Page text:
The University of Maine School of Law strives to be a diverse community inclusive of all races, ethnicities, national origins, gender identities, sexual orientations, ages, disabilities, classes, and religions. Maine Law is committed to equity in legal education and the legal profession.

Learn more about Maine Law’s commitment to Diversity, Equity, and Inclusion.

Below are a few ways the Law School is taking action to ensure a more inclusive and diverse community.

Diversity, Equity, and Inclusion, (DEI) Task Force

DEI Task ForceIn October 2020, Maine Law established a new Diversity, Equity, and Inclusion (DEI) Task Force, which evolved out of the Law School’s long-standing Diversity Committee. Members include Maine Law alumni, faculty, staff, and current students, including a representative from the student Multicultural Law Society.

Four dedicated Working Groups fall under the Task Force umbrella: the Curricular Initiatives Working Group, the Programming Working Group, the Student/Faculty Recruitment and Retention Working Group, and the Diversity Plan Working Group.

Learn more about the Diversity, Equity, and Inclusion Task Force.

Cumberland Legal Aid Clinic

Students and professors in the Cumberland Legal Aid ClinicEstablished in 1970, the Cumberland Legal Aid Clinic was one of the first law school clinical programs in the country. Student attorneys in the Clinic work on the frontlines on efforts to combat racial injustice in the law and our institutions. All legal services are provided by law students who are enrolled in one of four clinical courses: General Practice, Prisoner Assistance, Juvenile Justice, and Refugee and Human Rights. Students also have the opportunity to collaborate with local nonprofit organizations and community groups on a range of advocacy projects.

Refugee and Human Rights Clinic

Law students in the RHRC serve as the attorneys assisting low-income immigrants through a broad range of cases and projects.The course targets a critical gap in access to justice – providing direct legal representation and broader advocacy to immigrants and refugees seeking political asylum and similar protections under federal law, while training future attorneys on how to best serve the legal needs of immigrants.

Learn more about the Cumberland Legal Aid Clinic.

Academic Programming

The Law School is offering new courses focused on inequity in the law:

Social Justice Lawyering

Course Description: Contrary to historical depictions of a lone lawyer against a system, true social change is often accomplished through collaborative and communal efforts. Leadership, then, depends less on individual power, but on harnessing collective power. In light of the social injustices that abound, this course will explore the following questions: how we change the systems that allow a few to profit from the suffering of many? When, why, and how do people come together to effect change? And, what is a lawyer’s role in the process? This bridge class is, ultimately, a course in practical leadership development where knowledge of the law and legal strategies are combined with self-awareness, resilience, and community support to create integrated and committed legal practitioners capable of engaging persuasively on various topics of national and global interest. This course will examine select cases of successful efforts to advance human rights in order to (1) learn key principles and (2) apply the strategies to the prominent issues of today. Students will have the opportunity to engage members of the legal community on issues of systemic discrimination through community circle discussions offered through the Alpha Legal Foundation. This course will be taught by Krystal Williams ’17 of the Alpha Legal Foundation.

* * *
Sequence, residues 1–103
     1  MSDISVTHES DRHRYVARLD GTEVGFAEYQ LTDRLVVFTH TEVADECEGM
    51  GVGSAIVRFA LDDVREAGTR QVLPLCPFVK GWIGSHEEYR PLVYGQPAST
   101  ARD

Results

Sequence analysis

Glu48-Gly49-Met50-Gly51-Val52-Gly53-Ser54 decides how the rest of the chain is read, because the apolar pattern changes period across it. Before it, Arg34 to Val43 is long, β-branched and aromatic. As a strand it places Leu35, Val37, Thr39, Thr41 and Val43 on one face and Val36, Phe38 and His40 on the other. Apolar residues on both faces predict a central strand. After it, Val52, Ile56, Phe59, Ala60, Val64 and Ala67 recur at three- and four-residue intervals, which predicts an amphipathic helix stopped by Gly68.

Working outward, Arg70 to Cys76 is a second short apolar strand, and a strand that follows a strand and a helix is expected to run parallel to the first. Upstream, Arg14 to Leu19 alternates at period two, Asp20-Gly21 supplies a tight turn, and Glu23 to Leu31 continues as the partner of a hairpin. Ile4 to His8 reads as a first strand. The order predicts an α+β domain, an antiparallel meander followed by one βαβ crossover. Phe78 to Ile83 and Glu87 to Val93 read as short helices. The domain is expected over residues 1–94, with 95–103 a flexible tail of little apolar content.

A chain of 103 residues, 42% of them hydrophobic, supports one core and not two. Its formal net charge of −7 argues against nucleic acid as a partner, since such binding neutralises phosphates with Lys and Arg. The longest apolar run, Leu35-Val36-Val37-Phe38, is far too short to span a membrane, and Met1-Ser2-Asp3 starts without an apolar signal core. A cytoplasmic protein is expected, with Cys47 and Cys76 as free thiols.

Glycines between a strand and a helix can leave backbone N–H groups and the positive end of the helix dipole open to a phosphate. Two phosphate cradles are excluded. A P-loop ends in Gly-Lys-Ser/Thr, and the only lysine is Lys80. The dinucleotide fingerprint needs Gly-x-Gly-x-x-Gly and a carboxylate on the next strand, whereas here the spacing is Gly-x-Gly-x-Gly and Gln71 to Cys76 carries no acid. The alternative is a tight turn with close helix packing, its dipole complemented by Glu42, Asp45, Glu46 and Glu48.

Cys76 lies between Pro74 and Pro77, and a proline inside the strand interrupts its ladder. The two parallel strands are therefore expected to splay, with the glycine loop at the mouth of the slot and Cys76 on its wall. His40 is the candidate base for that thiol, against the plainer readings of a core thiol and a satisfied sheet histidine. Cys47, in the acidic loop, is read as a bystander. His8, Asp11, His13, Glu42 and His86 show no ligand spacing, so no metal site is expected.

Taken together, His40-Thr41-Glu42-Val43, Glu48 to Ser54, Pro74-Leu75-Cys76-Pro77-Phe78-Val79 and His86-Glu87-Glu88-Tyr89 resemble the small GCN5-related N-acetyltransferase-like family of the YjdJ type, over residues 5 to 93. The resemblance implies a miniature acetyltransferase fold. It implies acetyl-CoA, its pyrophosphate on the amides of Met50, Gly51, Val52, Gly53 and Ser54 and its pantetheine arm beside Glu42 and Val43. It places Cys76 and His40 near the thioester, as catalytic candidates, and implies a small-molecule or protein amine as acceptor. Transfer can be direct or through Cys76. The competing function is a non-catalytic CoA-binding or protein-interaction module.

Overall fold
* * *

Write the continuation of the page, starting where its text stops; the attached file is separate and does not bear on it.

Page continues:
Racial Injustice in the Law

  • Team taught by 10 Maine Law faculty members, students in this new course examine racial injustice throughout a wide range of fields: Property/Land Use, Torts/Insurance, Tax, Criminal Law, Business Law, Family Law, Environmental Law, Community Development, and Immigration Law.
  • View Syllabus

Changing Laws